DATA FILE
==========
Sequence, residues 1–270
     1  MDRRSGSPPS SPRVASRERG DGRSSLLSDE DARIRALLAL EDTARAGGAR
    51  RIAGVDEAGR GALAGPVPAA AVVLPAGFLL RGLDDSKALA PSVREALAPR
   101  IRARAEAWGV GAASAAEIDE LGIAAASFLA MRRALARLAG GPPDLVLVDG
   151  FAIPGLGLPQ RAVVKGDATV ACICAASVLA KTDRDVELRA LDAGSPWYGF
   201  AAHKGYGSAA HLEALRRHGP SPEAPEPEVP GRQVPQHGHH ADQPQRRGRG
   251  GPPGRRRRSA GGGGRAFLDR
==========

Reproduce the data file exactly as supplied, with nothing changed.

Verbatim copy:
Sequence, residues 1–270
     1  MDRRSGSPPS SPRVASRERG DGRSSLLSDE DARIRALLAL EDTARAGGAR
    51  RIAGVDEAGR GALAGPVPAA AVVLPAGFLL RGLDDSKALA PSVREALAPR
   101  IRARAEAWGV GAASAAEIDE LGIAAASFLA MRRALARLAG GPPDLVLVDG
   151  FAIPGLGLPQ RAVVKGDATV ACICAASVLA KTDRDVELRA LDAGSPWYGF
   201  AAHKGYGSAA HLEALRRHGP SPEAPEPEVP GRQVPQHGHH ADQPQRRGRG
   251  GPPGRRRRSA GGGGRAFLDR